The Oldest Turkish Illustrated Documents
had the tradition to illustrate manuscripts during the cultural
periods before Islamic belief. Paper that could be rolled started
to be made in China with plant fibers in 105 B.C. No written or
illustrated document has yet been found from the time of the Chinese
Han dynasty, of Huns and Göktďrks.Nevertheless, the large quantities
of stone engravings, textiles,ceramics, works of art made of metal,
wood, leather which have survived to the present day, prove that
the above mentioned cultural circles were quite developed in other
fields of art. The oldest examples of Turkish pictures for walls
are from the 6th, 7th and 8th centuries. The withering influence
of natural conditions have prevented the survival of these first
The oldest illustrated documents on paper among Turkish tribes,
are from the period succeeding Akhuns. These documents dating from
717-719 are in Turkish, Chinese and Arabic and they belong to a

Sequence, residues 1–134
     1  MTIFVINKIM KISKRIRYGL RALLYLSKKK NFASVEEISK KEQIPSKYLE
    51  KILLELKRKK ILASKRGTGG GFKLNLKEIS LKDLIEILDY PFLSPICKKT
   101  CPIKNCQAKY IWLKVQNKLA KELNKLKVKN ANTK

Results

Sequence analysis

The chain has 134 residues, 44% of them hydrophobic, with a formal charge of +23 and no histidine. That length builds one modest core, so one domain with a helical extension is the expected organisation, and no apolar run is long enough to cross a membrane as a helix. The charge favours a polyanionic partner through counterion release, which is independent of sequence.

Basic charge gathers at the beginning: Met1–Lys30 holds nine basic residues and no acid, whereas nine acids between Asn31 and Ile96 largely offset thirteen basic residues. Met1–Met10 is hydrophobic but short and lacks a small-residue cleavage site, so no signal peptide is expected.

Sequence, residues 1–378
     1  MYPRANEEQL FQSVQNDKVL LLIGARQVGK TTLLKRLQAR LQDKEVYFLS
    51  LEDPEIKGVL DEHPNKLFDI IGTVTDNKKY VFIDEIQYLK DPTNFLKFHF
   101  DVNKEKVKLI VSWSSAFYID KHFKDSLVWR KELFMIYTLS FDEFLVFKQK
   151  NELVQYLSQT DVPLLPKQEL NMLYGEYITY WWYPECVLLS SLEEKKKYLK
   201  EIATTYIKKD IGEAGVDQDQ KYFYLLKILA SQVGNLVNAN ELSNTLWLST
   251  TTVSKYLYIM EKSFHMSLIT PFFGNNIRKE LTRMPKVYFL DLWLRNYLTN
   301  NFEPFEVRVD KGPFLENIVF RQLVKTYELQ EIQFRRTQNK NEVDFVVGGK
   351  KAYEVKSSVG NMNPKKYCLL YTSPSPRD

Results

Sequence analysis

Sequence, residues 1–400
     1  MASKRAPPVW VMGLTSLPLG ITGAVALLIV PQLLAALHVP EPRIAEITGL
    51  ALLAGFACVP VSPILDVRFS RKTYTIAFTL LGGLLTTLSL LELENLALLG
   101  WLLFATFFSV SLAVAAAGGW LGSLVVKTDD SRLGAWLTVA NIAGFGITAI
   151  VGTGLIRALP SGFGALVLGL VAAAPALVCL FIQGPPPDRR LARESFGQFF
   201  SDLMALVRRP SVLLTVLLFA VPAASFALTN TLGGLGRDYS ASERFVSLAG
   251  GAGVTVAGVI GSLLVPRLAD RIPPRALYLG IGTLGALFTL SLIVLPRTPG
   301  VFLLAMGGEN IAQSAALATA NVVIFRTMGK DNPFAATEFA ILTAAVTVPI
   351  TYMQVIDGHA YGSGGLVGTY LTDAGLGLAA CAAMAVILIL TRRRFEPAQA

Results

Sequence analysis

Turkish emir who battled with Moslem armies in Pencikent near Samarkand.
This prince was taken prisoner, and his palace was ruined 722. The
wall drawing are the most important part of Turkish cultural treasures.
Von le Coq who has researched Central Asian Turkish culture
writes this: "Turks have scattered all of their written cultural
products in the dusty roads of steppes and deserts while migrating
to the west." Prophet Mohammed tranquilizes the dragon on the
way of the caravan, "Siyer-I Nebi" end of the 16th century.
Samarkand was renowned during 6th-8th centuries by its drawing workshops
where illustrations on wood, plaster and leather were made. These
works influenced greatly the Anatolian Seljuk period. The most important
development of the 9th century Uygur Turks in the art of painting,
was accomplished by the painters and their school in the town of
Kizilkent. Their sense of light in pictures and their search for
the influence and impression of shadow and light, served largely
for the formation of Seljuk miniature school and canalized it. The
Tun-Huang monastery and library of Uygur Turks has a special importance.
Among thousands of books in the library there are the oldest Turkish
gilded and miniature manuscripts. The oldest wooden print and illustrated
book in the world belongs to Uygurs and is in the above library.
The date of the book is 868. Another important aspect of this find
is that some manuscripts have been written in letters same with
the ones on the Göktďrk Orhun epitaphs.